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Yet, dream and vision as thou art,
I bless thee with a human heart :
God shield thee to thy latest years!
I neither know thee nor thy peers;
And yet my eyes are filled with tears.

With earnest feeling I shall pray
For thee when I am far away:
For never saw I mien, or face,
In which more plainly I could trace
Benignity and home-bred sense
Ripening in perfect innocence.
Here scattered like a random seed,
Remote from men, Thou dost not need
The embarrassed look of shy distress,
And maidenly shamefacedness:
Thou wear'st upon thy forehead clear
The freedom of a Mountaineer.
A face with gladness overspread!
Sweet looks, by human kindness bred!
And seemliness complete, that sways
Thy courtesies, about thee plays;
With no restraint, but such as springs
From quick and eager visitings

Of thoughts, that lie beyond the reach
Of thy few words of English speech:
A bondage sweetly brooked, a strife
That gives thy gestures grace and life!
So have I, not unmoved in mind,
Seen birds of tempest-loving kind,
Thus beating up against the wind.

What hand but would a garland cull
For thee who art so beautiful?
O happy pleasure! here to dwell
Beside thee in some heathy dell;
Adopt your homely ways and dress,
A Shepherd, thou a Shepherdess!
But I could frame a wish for thee
More like a grave reality

Thou art to me but as a wave
Of the wild sea: and I would have
Some claim upon thee, if I could,
Though but of common neighbourhood.
What joy to hear thee, and to see!
Thy elder Brother I would be,
Thy Father, any thing to thee!

Now thanks to Heaven! that of its grace
Hath led me to this lonely place.
Joy have I had; and going hence

I bear away my recompence.
In spots like these it is we prize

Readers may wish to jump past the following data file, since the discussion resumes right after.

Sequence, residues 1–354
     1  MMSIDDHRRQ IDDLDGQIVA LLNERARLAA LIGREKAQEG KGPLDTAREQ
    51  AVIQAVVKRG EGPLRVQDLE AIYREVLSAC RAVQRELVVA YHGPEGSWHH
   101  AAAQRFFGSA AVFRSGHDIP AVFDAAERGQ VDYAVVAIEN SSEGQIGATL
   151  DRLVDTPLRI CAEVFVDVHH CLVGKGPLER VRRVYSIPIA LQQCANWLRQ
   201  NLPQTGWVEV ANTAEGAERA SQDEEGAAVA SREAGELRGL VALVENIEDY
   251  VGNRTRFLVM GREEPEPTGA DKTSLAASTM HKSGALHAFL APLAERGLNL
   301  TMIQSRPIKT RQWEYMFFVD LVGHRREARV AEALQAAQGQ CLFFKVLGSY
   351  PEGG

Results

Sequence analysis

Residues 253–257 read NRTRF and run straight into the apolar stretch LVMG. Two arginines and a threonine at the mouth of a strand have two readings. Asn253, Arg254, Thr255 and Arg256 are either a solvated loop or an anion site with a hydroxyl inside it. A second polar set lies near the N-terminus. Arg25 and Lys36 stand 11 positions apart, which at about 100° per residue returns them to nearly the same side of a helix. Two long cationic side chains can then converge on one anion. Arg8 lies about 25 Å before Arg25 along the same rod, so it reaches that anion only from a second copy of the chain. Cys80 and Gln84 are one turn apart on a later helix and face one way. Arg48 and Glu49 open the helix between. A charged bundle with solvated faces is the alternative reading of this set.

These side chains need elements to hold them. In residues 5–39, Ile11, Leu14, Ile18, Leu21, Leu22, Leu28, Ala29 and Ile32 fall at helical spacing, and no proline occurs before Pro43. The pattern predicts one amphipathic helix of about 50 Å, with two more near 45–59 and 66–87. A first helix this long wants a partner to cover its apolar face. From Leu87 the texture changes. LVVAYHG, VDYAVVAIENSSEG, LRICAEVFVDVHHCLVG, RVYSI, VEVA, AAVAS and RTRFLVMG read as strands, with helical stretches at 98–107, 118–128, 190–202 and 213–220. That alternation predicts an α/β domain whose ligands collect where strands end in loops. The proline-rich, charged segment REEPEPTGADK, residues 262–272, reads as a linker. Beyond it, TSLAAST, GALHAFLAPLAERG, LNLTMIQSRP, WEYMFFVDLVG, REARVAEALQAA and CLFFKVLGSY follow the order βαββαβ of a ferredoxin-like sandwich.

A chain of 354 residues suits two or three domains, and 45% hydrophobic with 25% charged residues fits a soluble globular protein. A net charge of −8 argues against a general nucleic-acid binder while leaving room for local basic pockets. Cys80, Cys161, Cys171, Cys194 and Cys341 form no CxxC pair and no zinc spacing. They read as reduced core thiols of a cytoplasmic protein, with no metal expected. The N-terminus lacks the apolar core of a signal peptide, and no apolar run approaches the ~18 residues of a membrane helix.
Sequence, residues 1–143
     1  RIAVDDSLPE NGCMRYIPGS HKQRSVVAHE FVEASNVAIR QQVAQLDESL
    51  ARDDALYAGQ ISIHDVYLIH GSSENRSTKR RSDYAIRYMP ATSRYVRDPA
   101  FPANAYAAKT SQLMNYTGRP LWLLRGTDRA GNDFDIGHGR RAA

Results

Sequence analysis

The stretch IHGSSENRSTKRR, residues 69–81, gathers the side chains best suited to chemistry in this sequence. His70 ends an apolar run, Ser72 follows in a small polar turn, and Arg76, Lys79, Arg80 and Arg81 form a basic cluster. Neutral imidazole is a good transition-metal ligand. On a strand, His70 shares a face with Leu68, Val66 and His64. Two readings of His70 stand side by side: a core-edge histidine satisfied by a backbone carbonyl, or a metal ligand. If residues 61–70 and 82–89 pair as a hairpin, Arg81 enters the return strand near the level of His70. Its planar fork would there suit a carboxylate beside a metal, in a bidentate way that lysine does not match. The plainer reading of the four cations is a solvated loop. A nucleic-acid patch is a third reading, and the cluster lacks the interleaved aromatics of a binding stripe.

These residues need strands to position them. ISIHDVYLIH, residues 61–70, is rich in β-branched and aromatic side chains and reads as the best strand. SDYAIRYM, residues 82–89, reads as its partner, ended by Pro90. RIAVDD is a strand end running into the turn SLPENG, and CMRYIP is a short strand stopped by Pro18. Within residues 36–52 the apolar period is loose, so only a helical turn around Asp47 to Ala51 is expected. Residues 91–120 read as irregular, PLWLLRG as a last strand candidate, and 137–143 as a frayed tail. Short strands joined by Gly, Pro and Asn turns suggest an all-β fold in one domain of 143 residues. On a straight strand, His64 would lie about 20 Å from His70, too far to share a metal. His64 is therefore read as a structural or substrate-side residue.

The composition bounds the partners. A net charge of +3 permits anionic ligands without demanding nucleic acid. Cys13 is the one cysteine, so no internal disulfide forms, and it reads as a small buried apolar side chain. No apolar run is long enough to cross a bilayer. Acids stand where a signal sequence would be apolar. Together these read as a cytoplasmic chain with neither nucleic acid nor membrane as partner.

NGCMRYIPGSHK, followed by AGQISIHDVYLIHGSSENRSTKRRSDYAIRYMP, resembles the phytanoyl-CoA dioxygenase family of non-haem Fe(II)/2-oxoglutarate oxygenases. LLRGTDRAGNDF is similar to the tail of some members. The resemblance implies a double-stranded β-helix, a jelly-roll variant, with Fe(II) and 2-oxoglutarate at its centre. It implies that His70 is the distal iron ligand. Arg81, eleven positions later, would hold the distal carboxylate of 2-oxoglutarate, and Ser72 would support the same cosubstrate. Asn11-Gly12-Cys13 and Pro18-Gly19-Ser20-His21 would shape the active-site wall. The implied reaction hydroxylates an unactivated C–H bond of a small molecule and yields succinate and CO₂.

Our Memory, feel that she hath eyes:
Then, why should I be loth to stir?
I feel this place was made for her;
To give new pleasure like the past,
Continued long as life shall last.

Nor am I loth, though pleased at heart, Sweet Highland Girl! from Thee to part; For I, methinks, till I grow old,

As fair before me shall behold,

As I do now, the Cabin small,
The Lake, the Bay, the Waterfall;
And Thee, the Spirit of them all !

XXII.

THE SOLITARY REAPER.

BEHOLD her, single in the field,
Yon solitary Highland Lass!
Reaping and singing by herself;
Stop here, or gently pass!
Alone she cuts, and binds the grain,
And sings a melancholy strain;
O listen! for the Vale profound
Is overflowing with the sound.

No Nightingale did ever chaunt
So sweetly to reposing bands
Of Travellers in some shady haunt,
Among Arabian Sands:

No sweeter voice was ever heard
In spring-time from the Cuckoo-bird,
Breaking the silence of the seas
Among the farthest Hebrides.

Will no one tell me what she sings? Perhaps the plaintive numbers flow For old, unhappy, far-off things, And battles long ago:

Or is it some more humble lay,
Familiar matter of to-day?
Some natural sorrow, loss, or pain,
That has been, and may be again!

Whate'er the theme, the Maiden sang As if her song could have no ending; I saw her singing at her work,

And o'er the sickle bending;—

I listened motionless and still :

And, as I mounted up the hill,
The music in my heart I bore,
Long after it was heard no more.

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